The New York Film Festival returns to a physical format this year, opening with The Tragedy of Macbeth, the latest high-profile interpretation of William Shakespeare’s enduring Scottish saga. Adapted for the big screen – or the small, as the film will eventually land on Apple TV+ in December – by Joel Coen, The Tragedy of Macbeth marks Joel Coen’s first directing outing without his brother and creative partner Ethan.
Coen isn’t exactly going it alone though as he is joined by his life partner and regular collaborator Frances McDormand. Fresh off Oscar success for starring in and producing last year’s Nomadland, McDormand who has also appeared in some of the Coen brothers’ most memorable turns (Blood Simple; Fargo; Burn After Reading) retains double responsibilities on this project, working as producer and starring as Lady Macbeth. For the Thane of Cawdor himself, Coen enlists the gigantic talents of Denzel Washington whose muscular, volcanic interpretation of the character puts a significant stamp on the material.
As stage to screen translations go, Macbeth – one of Shakespeare’s mightiest plays – with its high drama, chunky monologues and glorious tragedy remains tricky. Yet it is for these reasons that the filmed version has remained an enticing prospect for everyone from Laurence Olivier to Orson Welles and Akira Kurosawa. Underneath the knotty language, lies a complex and timeless account of obsession, madness and the seductive nature of evil.
The first concern for any filmmaker looking to adapt Shakespeare would be finding a gateway to opening the text up to the screen. Coen does a U-turn though and moves as far away from the last major big screen adaptation, 2015’s bloody and realism-tinged Macbeth directed by Justin Kurzel.
Coen appreciates Macbeth as a play first and foremost and fully leans into this, filming The Tragedy of Macbeth as theater, but for film, one directed by a Coen brother no less. This means creating stunning visual motifs presented through the lens of Bruno Delbonnel (Inside Llewyn Davies; Amélie) whose magnificent work here using expressionist lighting and foggy fields of vision in the square Academy aspect ratio is quite possibly the finest work of an already impressive career.
Inspired by the films of Carl Dreyer, F.W. Murnau and Ingmar Bergman, Coen’s interpretation is insular, contained in space and time within a Los Angeles soundstage that morphs as easily into grand castles as it does lush forests and foreboding hellscapes. This version is at once stripped down yet grandiose, boasting impeccable sound design that ratchets up the suspense. Coen cuts out the fat, assuming some audience familiarity with details of the play. At a tidy 105 minutes, the film works as a lean dramatic thriller, moving briskly through plot beats and ultimately sacrificing emotional connection for visual opulence.
Washington and McDormand are in terrific actorly form calibrating their performances to match Coen’s mood, one that ranges from noir thriller to existential horror. With both performers presently in their sixties, there is a renewed urgency to their casting. They play the scheming couple as fading lions in the winter of their lives, hoping for one last murderous grab at power flowing from a lifetime of playing by the rules.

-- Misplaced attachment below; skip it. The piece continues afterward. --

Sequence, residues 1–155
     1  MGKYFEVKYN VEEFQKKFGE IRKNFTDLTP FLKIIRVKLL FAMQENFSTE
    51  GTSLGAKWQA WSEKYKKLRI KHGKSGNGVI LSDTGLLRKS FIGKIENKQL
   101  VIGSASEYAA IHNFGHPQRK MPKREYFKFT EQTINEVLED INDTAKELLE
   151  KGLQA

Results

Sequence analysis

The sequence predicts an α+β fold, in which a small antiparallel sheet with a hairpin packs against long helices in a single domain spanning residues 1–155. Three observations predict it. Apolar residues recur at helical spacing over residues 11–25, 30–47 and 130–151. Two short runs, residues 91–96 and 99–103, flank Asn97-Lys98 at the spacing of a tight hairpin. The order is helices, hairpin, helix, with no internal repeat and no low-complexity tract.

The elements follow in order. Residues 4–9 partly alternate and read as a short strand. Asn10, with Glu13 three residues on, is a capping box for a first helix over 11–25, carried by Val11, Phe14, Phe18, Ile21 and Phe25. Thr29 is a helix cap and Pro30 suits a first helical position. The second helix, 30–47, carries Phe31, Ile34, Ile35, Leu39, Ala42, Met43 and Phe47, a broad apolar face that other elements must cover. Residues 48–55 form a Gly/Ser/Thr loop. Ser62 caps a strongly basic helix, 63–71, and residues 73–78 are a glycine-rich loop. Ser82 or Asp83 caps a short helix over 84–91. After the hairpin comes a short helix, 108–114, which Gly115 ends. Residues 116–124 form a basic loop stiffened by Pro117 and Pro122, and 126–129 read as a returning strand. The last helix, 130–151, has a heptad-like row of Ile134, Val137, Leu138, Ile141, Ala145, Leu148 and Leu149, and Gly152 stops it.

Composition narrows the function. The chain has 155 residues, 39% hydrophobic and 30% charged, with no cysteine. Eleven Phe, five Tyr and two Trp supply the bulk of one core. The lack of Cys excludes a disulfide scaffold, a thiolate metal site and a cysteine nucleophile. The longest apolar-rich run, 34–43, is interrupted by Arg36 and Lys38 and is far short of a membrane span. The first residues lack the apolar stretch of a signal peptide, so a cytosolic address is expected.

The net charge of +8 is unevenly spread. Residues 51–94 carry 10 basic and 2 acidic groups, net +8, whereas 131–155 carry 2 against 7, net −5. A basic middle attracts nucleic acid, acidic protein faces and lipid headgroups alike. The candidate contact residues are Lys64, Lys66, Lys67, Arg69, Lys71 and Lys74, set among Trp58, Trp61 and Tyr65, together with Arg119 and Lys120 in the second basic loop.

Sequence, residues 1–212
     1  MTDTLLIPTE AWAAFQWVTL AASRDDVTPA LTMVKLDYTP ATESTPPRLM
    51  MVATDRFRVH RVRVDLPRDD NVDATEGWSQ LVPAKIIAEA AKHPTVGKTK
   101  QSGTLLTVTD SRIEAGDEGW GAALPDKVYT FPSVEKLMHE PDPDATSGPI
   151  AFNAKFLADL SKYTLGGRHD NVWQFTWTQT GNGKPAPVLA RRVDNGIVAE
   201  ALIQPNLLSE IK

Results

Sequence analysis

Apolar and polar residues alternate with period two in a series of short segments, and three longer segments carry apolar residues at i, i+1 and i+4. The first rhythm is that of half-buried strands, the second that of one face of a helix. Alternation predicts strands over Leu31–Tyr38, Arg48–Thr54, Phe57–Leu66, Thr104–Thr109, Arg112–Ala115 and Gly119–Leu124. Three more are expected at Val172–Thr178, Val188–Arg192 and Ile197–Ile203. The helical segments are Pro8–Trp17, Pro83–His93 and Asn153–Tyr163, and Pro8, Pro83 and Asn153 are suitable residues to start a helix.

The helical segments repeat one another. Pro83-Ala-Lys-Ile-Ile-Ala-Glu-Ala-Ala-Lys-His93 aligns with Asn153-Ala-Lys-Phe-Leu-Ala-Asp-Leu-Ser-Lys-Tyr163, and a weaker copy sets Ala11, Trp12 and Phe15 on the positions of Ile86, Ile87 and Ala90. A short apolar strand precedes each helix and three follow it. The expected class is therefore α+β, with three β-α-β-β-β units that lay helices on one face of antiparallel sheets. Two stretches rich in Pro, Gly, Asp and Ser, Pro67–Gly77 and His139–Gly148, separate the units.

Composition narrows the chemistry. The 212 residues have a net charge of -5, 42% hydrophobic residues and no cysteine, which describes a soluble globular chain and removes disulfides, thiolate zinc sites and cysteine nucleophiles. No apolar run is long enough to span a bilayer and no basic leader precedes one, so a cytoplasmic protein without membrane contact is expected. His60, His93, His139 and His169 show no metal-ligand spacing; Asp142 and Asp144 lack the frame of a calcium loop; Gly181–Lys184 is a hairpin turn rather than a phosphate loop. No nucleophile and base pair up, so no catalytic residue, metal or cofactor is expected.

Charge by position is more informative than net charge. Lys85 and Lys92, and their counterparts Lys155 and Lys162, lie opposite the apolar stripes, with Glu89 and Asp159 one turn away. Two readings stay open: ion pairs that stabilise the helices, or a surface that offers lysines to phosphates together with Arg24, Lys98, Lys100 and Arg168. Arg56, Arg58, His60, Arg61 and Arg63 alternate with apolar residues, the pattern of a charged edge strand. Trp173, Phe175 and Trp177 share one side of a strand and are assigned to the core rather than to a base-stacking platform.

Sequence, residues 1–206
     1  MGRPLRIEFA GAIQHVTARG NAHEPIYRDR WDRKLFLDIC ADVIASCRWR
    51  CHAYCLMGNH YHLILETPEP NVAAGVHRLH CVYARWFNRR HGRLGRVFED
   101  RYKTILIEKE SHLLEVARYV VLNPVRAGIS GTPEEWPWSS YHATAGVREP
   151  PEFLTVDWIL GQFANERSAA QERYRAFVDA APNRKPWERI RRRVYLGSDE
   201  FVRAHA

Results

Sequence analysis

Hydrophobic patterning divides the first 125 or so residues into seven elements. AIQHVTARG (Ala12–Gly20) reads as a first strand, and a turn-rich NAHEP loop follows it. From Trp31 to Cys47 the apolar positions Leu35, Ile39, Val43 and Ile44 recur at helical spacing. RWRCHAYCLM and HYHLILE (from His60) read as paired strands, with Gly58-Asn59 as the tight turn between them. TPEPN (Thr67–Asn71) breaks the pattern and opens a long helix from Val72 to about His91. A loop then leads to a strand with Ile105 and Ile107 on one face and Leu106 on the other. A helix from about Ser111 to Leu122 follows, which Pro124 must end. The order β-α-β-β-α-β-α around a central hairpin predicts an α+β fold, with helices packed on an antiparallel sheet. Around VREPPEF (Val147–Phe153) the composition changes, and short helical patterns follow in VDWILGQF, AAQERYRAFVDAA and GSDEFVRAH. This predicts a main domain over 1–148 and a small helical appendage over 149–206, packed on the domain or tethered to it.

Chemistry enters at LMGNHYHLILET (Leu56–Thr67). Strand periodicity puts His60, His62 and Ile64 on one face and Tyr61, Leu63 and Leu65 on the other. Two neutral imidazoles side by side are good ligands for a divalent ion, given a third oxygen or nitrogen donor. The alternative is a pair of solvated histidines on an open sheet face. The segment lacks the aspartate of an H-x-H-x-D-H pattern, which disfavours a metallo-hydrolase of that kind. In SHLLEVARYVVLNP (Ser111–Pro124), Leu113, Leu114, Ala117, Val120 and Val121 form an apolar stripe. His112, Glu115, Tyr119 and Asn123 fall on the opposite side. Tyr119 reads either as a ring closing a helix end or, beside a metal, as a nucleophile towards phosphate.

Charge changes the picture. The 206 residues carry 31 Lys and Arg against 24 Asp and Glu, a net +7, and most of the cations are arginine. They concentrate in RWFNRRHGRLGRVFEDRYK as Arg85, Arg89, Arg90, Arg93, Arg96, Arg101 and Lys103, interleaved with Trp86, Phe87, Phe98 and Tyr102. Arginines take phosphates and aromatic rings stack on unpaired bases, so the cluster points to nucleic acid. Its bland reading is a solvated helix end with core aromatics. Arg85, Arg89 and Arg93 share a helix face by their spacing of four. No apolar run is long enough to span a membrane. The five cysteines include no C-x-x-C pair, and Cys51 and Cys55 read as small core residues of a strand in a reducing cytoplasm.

Kurzel placed the couple’s childlessness at the center of his Macbeth adaptation but not so for Coen who skimps through any beats involving filial dynamics. When he concedes to let in children, he is less inclined to engage with the repercussions, keeping the film ultimately at a clinical distance.
Thankfully, there are films elsewhere in the festival’s Main Slate section that engage more meaningfully with the interior lives of children. Mexican-Salvadorian documentarian Tatiana Huezo makes her feature-length debut with the powerful Prayers for the Stolen (Noche de fuego). Loosely adapted from Jennifer Clement’s 2004 novel of the same title, Huezo’s film tells the story of women and girls caught in the crossfire when their village falls to Mexico’s notorious drug cartels.
Prayers for the Stolen may be fiction but it continues Huezo’s established interests in documenting the scourge and trauma of human trafficking in Mexico. Huezo approaches the story with a creative documentarist’s eye. Her film is about a community navigating traumatic circumstances but the emotional core is the coming-of-age story at its center involving a trio of girl children who manage to snatch some semblance of normalcy from the violence. Huezo isn’t the kind of filmmaker to give in to sentimental choices though. Despite the beauty of the natural environment and the gracefulness of the images, the film is unflinching about the dangerous realities of living in these occupied communities, particularly for young girls.
Three of Italy’s most promising contemporary voices, Pietro Marcello (Martin Eden), Francesco Munzi (Black Souls) and Alice Rohrwacher (Happy as Lazzaro) come together on Futura, a piercing investigation of youth in crisis. Travelling across Italy as the country battled the covid-19 pandemic, the three directors organized several sessions with a host of young people and got them to speak freely about their dreams, anxieties, worries and expectations. Their worries range from the progressive (social justice, climate change) to the basic (economic inequality, jobs) and they have their own ideas of how to bring about more favourable outcomes. Consisting primarily of footage of young people engaging with the camera and with themselves, Futura is a potent snapshot of a country as observed by the future generation.